Individuals who can demonstrate self-motivation, and self-management and know their own preferences, strengths, and limitations. They should be responsible and patriotic citizens, who cherish values, and apply environmental and health awareness when making decisions.
Life-long learners who can direct their own learning, seek opportunities for personal and professional development, be positive contributors to society, and demonstrate knowledge of emerging needs of society.
Emphasis on values adapted from the National Ethics and Values Policy 2013, such as respect for humanity and environment, honesty, justice, hard work, self-reliance, integrity, and innovativeness. The new curriculum will foster critical thinking skills, communication, cooperation and self-directing learning, mathematical computing, and ICT proficiency.
Learners will appreciate the connection between subjects and the complexities of life such as environmental issues, health awareness, and life skills.
Classroom teaching has been reduced to five hours a day from 8:30 am to 2:55 pm to allow for research, self-study, and recreation. The number of subjects has reduced from 43 to 21.
Kiswahili, Entrepreneurship, Religious Education, and Physical education are compulsory for learners at Senior One and Two. A school is expected to offer 12 subjects at Senior One and Two, out of which 11 are compulsory, while one is elective.
At Senior Three and four, a learner is expected to exit with a minimum of eight subjects and a maximum of nine subjects.
The curriculum is accommodative
In the new curriculum, all learners are winners. Gifted learners will benefit from high-order thinking exercises while slow learners will benefit from peer interactions with gifted learners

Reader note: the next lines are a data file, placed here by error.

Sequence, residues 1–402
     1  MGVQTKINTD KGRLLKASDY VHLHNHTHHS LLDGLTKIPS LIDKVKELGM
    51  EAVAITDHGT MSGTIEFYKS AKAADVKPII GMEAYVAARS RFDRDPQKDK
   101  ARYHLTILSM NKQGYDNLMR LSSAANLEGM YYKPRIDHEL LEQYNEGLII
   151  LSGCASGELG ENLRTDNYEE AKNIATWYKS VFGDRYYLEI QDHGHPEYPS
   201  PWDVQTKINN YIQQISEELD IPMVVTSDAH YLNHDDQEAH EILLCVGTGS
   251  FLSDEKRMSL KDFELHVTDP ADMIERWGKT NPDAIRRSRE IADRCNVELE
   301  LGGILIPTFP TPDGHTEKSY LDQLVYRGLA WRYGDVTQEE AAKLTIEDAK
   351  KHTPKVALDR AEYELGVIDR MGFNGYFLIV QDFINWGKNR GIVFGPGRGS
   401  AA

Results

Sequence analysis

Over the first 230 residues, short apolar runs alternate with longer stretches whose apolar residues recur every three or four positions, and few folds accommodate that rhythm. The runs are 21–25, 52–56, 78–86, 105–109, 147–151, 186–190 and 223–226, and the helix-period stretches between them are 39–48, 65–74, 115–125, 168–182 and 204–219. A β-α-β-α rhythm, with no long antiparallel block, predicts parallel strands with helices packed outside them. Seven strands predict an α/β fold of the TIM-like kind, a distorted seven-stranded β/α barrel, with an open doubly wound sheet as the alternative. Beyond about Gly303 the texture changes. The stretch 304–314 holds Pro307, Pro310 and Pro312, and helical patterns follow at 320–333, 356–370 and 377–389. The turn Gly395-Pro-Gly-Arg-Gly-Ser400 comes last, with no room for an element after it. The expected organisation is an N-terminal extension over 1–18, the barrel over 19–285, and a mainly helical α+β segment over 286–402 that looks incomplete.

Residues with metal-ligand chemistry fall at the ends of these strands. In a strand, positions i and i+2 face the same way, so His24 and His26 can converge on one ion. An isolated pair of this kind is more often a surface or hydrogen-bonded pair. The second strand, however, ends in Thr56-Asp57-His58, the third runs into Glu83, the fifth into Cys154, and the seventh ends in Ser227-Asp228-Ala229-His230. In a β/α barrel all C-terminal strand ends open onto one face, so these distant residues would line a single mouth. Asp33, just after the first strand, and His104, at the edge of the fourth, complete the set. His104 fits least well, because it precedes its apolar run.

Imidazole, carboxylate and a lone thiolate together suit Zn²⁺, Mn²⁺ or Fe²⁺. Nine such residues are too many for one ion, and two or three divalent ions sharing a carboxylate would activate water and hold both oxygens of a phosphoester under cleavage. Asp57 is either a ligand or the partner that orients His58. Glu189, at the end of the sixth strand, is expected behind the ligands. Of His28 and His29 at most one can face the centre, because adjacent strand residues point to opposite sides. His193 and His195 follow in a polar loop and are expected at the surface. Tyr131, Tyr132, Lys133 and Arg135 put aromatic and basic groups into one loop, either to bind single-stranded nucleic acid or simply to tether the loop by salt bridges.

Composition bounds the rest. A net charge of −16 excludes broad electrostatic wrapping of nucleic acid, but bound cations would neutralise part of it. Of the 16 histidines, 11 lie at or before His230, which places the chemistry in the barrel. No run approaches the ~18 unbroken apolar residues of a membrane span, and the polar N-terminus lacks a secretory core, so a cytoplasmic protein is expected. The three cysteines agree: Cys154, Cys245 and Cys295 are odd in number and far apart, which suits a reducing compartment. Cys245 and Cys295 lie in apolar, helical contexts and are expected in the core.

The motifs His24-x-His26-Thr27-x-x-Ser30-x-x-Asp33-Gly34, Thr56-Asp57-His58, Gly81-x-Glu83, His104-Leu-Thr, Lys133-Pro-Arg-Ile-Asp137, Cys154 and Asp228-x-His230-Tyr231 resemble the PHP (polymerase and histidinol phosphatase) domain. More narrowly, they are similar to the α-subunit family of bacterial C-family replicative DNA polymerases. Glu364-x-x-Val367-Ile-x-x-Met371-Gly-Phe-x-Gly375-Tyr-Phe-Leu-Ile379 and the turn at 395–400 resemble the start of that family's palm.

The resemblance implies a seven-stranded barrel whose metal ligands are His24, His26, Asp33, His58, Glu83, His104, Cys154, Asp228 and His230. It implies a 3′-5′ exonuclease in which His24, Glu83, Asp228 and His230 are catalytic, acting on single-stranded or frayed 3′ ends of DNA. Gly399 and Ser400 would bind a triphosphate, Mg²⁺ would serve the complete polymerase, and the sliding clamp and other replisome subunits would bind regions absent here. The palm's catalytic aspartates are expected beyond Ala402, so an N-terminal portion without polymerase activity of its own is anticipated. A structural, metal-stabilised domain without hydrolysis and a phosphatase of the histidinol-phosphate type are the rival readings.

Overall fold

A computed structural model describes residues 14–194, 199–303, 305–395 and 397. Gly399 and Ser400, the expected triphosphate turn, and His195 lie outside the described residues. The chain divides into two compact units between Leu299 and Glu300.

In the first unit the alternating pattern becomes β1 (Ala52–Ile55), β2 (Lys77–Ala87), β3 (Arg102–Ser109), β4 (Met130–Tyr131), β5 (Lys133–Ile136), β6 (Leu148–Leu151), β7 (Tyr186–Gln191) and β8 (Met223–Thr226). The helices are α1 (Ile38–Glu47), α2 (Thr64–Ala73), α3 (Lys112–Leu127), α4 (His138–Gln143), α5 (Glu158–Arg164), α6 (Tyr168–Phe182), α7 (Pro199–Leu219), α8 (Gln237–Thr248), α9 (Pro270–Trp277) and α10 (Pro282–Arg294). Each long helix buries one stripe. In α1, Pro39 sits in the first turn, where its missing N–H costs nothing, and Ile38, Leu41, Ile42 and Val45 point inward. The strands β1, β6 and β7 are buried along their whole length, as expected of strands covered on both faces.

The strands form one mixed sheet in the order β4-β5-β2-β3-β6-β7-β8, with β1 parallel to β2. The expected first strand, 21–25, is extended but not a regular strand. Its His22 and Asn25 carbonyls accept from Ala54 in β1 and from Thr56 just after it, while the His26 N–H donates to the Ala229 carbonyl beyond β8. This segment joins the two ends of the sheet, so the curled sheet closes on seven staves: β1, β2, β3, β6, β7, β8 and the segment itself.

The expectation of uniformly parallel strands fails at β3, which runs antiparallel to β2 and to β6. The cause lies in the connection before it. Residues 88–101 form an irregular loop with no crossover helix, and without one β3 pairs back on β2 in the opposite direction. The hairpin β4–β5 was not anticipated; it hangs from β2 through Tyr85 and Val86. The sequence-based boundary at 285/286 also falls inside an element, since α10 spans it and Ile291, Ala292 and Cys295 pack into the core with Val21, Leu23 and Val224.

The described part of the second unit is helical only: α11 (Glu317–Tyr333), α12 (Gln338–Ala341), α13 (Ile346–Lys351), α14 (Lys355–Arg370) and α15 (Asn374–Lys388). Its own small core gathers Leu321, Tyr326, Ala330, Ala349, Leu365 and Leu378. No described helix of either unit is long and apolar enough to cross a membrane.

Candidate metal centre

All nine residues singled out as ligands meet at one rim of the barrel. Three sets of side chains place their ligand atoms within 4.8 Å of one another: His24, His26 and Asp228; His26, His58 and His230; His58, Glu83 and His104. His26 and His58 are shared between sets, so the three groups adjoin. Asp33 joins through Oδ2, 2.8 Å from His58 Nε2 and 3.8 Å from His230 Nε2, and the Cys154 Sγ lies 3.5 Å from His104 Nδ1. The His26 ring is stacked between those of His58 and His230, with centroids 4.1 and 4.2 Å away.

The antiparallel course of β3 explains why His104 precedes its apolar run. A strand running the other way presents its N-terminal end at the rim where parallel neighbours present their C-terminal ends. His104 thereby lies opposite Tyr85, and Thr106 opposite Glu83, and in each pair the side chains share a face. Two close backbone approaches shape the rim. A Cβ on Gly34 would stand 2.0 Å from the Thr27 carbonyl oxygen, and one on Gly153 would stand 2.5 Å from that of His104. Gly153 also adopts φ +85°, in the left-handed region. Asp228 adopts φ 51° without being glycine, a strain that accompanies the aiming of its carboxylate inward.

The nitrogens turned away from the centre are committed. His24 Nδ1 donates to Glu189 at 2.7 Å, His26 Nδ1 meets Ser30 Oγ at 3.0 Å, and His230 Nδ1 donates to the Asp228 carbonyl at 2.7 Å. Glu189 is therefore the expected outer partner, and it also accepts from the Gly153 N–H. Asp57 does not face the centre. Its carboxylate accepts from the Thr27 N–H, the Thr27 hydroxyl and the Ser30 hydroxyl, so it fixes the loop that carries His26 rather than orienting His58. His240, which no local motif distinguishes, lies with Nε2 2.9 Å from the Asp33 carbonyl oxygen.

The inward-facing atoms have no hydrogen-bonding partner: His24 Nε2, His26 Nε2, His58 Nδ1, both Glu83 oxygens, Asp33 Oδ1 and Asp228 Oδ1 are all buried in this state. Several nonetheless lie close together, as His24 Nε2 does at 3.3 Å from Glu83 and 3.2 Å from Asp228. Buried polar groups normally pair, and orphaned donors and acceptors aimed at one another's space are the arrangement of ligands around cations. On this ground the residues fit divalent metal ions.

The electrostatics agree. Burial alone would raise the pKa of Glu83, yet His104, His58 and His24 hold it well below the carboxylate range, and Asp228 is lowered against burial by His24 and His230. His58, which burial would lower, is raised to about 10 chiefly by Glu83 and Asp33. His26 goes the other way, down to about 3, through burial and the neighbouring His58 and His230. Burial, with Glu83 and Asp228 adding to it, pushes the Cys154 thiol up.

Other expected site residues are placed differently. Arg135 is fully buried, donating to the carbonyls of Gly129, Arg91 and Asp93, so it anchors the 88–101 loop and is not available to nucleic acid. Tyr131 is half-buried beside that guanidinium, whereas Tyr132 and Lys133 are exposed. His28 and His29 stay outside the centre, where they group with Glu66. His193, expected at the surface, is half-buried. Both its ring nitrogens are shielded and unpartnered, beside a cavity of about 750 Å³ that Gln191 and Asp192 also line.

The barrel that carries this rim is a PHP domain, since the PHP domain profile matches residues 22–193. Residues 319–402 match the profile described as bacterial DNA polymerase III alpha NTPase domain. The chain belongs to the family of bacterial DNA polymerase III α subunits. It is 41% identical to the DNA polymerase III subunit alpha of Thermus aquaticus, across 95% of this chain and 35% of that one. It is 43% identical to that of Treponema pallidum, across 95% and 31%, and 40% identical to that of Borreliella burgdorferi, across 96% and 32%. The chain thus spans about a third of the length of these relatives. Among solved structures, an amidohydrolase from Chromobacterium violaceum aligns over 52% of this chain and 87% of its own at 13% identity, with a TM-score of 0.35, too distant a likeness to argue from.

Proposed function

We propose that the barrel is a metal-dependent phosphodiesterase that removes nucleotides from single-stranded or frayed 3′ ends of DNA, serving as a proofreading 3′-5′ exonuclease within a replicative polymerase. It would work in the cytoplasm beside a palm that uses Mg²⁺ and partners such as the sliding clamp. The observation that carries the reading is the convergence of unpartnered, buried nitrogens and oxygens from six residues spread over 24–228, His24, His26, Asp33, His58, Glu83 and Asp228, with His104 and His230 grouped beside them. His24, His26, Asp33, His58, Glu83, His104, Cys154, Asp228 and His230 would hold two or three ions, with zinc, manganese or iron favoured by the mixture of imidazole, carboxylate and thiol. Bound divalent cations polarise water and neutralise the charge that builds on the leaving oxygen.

The old curriculum was competitive in nature and assessments aimed at realizing the best student. The new curriculum is accommodative as it provides room for skills development for every child across the board.
It seeks to find out whether a child has gained knowledge, understanding, skills, values, and attitudes for the world of work. The new curriculum is also learner-centered.
Assessment criteria of the new secondary curriculum
According to Ms. Ngamita Pauline Pakwo, a trainer of trainers of the new secondary curriculum, the new secondary school syllabus provides three chapters to be covered each term in every subject.
Students are given an activity of integration at the end of every chapter or topic. The marks are added and converted to 10 at the end of the term. Students also choose at least two projects from the three chapters covered every term, with the guidance of the teacher. Project marks are also added and converted to 10.
At the end of the term, a learner has 20 percent. The termly marks are kept by schools till the end of the year and converted to 20 percent.
In senior three, schools will register the learners for assessment of practical skills with the Directorate of Industrial Training (DIT).
At the end of year four (Senior Four), they sit examinations by UNEB that will be marked out of 80 percent.